Bill O’Connell is reviewed by Ron Weinstock’s, In A Blue Mood

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by Ron Weinstock

Bill O’Connell and the Afro Caribbean Ensemble The Wind Off The Hudson

Bill O’Connell and the Afro Caribbean Ensemble
The Wind Off The Hudson
Savant Records

Bill O’Connell first big break in the New York scene came playing with Mongo Santamaria in 1977. Latin Jazz has always been a significant part of his musical world along with straight-ahead jazz over the past four decades. This newest release is in the Latin jazz vein with the Afro Caribbean Ensemble. Its members include Andrea Brachfeld – flute and alto flute; Craig Handy – alto sax and soprano sax; Ralph Bowen – tenor sax; Gary Smulyan – baritone sax, Alex Sipiagin – trumpet and flugelhorn; Conrad Herwig – trombone; Lincoln Goines – electric bass; Robby Ameen – drums; and Roman Diaz – congas.

With names like Handy, Smulyan, Sipiagin, and Herwig in this little big band, one’s ears perk up. Add the leader’s arrangements and own playing, and one has expectations for a fabulous recording. These expectations are met starting with the title track with its Afro-Cuban grooves and a charging, robust baritone solo from Smulyan against the percolating heated rhythms and the many-faceted orchestration of the horns followed by O’Connell’s driving solo and Handy adding a short chorus. O’Connell’s “Jerry’s Blues” is a display in the integration of rhythm and melodic invention as the baritone sax and rhythm section plays a rhythmic motif as Sipiagin blasts off with some fiery trumpet followed by some surging tenor sax and more brilliant piano and a tight drum solo.

As good as the originals are, the covers stand out from the originality and inventiveness of the arrangements and the superb playing starting with Tito Puente’s classic “Oye Como Va,” taken at a slightly slower pace than the better-known versions by Puente and Santana. Besides Brachfeld’s sonorous flute, Smulyan digs deep on the baritone sax. O’Connell provides a sterling orchestration for Juan Tizol’s “Perdido,” with Handy and Bowen but playing quite dynamically on alto and tenor respectively. O’Connell is brilliant sounding part McCoy Tyner and part Eddie Palmieri, and Herwig takes an energetic gruff-toned solo.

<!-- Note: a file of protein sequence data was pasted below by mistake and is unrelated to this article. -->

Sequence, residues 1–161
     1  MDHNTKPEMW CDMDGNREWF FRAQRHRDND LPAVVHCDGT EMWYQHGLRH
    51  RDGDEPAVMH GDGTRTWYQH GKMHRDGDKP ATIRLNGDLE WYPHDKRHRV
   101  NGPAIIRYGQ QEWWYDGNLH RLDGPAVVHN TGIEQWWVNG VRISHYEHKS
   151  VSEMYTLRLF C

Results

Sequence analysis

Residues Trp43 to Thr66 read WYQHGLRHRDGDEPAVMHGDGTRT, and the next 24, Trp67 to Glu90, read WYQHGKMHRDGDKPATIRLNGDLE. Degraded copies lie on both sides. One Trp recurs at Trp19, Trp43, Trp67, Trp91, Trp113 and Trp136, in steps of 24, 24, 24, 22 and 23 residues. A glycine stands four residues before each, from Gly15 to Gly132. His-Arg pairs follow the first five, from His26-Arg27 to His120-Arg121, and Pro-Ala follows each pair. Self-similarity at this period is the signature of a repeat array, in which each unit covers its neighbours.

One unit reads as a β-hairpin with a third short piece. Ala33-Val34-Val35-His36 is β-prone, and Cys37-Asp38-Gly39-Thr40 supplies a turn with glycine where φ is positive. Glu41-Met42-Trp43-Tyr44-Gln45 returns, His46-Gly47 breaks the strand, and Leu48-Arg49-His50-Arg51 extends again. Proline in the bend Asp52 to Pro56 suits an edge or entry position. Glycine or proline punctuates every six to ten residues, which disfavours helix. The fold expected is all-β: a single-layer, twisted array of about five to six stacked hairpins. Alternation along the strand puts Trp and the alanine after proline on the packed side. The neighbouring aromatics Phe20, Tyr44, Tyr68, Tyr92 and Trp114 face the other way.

The most radical arrangement is on Duke Ellington’s “C Jam Blues,” which many people would not guess the tune if listening in a blindfold test. The arrangement remakes a song that historically has been a jam vehicle into an orchestrated showcase for band members which includes trading of fours by Smulyan and Bowen as the others provide atmosphere. O’Connell’s again solos brilliantly, even inserting a phrase from Monk’s “Rhythm-a-ning,” before the horns play a riff during the drum and percussion solo that takes this to its close. Also fascinating is the rendition of John Coltrane’s “Transition,” a composition from Coltrane’s freer recordings. O’Connell’s orchestration provides the foundation for terrific solos from Handy (on soprano sax), Smulyan and Herwig before the leader’s solo backed by the high-level ensemble playing by the band. It is another first-rate performance on a superlative recording that is likely among the best albums of this year.

I received my review copy from a publicist. Here is “Oye Como Va” from this CD.

Kari Gaffney

Kari Gaffney

Since 1988 Kari-On Productions has helped artists get an even footing in the industry through jazz promotion in the genres of Jazz, World & Latin Jazz through Jazz Radio and Publicity. Why do we do both, because they compliment each other, and we care about fiscal longevity for the artist.

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